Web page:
and fills us with peace, comfort, hope, and possibility for the future.

The Spirit of John is the same Spirit as the one in Acts, and yet she looks and feels so very different.

Almost the opposite from the fiery zealous Spirit that we most often tend to make her out to be.

And in a world where people can be whipped into a frenzy of anger, fear, and despair by a simple Tweet or a forwarded email….

We need this gentle, comforting Spirit too.

Throughout Scripture, the Holy Spirit appears as both the fiery inspirer of God’s people, and as calm comforter.

And many of us, I am sure, have experienced the Spirit in both these ways also.

Once, as a young child, when I was going through a phase of chronic worry and fear, I literally felt the peace of God come over me.

That was the Holy Spirit; I felt her presence as the peace of God which passes all understanding.

And, when years later, I experienced the electric energy of thousands of Episcopalians from all over the world, worshipping and praying together….

That was the Holy Spirit like a rush of violent wind, inspiring us to live God’s love.

We have seen and felt the Spirit in all her many guises.

And these differences in the way the Holy Spirit looks, arrives, and feels says something important about how we respond to God’s Spirit in our lives.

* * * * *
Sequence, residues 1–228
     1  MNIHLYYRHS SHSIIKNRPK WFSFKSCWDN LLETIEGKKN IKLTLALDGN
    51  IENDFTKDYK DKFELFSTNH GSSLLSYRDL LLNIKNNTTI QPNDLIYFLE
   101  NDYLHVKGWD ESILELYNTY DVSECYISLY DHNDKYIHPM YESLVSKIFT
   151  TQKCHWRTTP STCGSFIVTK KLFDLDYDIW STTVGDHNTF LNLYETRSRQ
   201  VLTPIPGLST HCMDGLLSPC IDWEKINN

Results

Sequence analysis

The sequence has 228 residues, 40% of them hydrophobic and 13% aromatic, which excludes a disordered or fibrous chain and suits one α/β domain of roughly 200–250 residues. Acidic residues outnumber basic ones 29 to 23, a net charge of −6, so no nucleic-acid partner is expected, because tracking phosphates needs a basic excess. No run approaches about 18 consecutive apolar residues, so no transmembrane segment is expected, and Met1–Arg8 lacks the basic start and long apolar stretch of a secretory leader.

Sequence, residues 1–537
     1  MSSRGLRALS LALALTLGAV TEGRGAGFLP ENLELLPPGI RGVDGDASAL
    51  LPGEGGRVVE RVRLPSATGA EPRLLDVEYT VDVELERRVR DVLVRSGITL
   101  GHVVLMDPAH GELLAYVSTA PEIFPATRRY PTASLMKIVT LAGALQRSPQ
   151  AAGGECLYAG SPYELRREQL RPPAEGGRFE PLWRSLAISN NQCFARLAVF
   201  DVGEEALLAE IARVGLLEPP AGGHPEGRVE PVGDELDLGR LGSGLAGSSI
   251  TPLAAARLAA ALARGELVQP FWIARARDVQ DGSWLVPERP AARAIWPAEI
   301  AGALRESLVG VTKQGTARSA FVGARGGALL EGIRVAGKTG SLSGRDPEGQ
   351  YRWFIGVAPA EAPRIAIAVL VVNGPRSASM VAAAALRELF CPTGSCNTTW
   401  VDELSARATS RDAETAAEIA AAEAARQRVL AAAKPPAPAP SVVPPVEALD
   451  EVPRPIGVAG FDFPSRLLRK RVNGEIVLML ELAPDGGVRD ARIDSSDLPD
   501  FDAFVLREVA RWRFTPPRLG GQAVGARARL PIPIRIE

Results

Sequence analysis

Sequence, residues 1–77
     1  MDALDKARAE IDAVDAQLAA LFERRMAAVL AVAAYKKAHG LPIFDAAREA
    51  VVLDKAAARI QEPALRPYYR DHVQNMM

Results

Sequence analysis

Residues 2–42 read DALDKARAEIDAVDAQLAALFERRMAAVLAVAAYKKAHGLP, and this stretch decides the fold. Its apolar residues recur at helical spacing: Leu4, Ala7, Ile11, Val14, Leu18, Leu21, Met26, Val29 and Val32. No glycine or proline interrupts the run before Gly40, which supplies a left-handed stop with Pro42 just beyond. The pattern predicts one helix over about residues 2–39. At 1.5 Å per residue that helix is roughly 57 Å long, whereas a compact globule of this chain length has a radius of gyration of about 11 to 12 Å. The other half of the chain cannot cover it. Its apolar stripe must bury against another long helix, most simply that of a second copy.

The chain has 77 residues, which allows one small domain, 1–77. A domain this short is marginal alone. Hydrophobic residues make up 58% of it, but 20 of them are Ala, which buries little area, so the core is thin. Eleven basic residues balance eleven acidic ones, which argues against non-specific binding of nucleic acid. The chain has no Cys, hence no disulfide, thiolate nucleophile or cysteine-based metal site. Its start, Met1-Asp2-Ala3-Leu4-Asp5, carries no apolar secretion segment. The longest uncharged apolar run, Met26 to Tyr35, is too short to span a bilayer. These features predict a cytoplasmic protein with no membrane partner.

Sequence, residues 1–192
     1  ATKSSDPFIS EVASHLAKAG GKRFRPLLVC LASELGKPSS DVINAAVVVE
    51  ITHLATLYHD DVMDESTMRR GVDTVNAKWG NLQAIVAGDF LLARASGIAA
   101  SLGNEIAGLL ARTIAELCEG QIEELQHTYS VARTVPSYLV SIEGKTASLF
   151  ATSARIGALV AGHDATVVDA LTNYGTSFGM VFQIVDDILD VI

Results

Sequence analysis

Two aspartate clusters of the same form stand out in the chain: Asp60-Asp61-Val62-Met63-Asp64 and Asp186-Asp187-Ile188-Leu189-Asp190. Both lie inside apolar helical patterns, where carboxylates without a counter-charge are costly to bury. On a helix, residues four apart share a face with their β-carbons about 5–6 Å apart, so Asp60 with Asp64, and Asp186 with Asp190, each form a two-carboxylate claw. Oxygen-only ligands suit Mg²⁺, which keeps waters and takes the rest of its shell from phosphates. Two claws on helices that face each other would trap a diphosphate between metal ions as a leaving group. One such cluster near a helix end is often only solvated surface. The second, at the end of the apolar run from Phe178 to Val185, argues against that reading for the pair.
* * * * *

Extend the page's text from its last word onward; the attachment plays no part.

A fellow pastor I know once said that the Holy Spirit functions almost like our opposite.

The Holy Spirits always invites God’s people to the places where we aren’t currently dwelling, invites us into something new or different.

And so if we find ourselves chronically angry, fearful, rigid or unforgiving,

then the Holy Spirit invites us into a place of God’s peace, comfort, forgiveness, and assurance.

And, on the other side of the equation, if we find ourselves too comfortable in our lives of faith, if our life of ministry seems rote and uninspired…

If we find ourselves closed off to welcoming new people, to speaking different languages, different languages of lifestyle, race, age, wealth or even values…

Then the Holy Spirit comes to us like a rushing wind of fire,

opening our ears and our lips to speaking and hearing God’s presence in new ways, people and places.

Knowing this about God’s Spirit, that she calls us to live in the places we are not yet dwelling, to see God in the people we don’t know,

to invite us to the ministry and the way of life that we are not yet experiencing, but can experience, with God’s help…

To know that the Spirit so often comes in unexpected ways, helps us, in our lives of faith to look for her.

To see her presence among us when she comes.

Because She does come.

She is here right now, in fact.

God’s Holy Spirit dwells among us in all that we do as people of faith.

Sometimes the Spirit’s coming is as dramatic, palpable and inspiring as it was for those disciples in Jerusalem,

on that day of Pentecost all those generations ago.

Sometimes the Spirit’s coming is a little quieter, peaceful, and calm, like it was for those few disciples who had locked themselves in a room.

But God’s coming into our lives is no less powerful, regardless of how we see the Spirit in our midst.

Because whenever God comes, God’s people respond with change.

With transformation, and with the knowledge that God is working in our lives.

In our churches, in our schools, homes, offices, in our world, in us.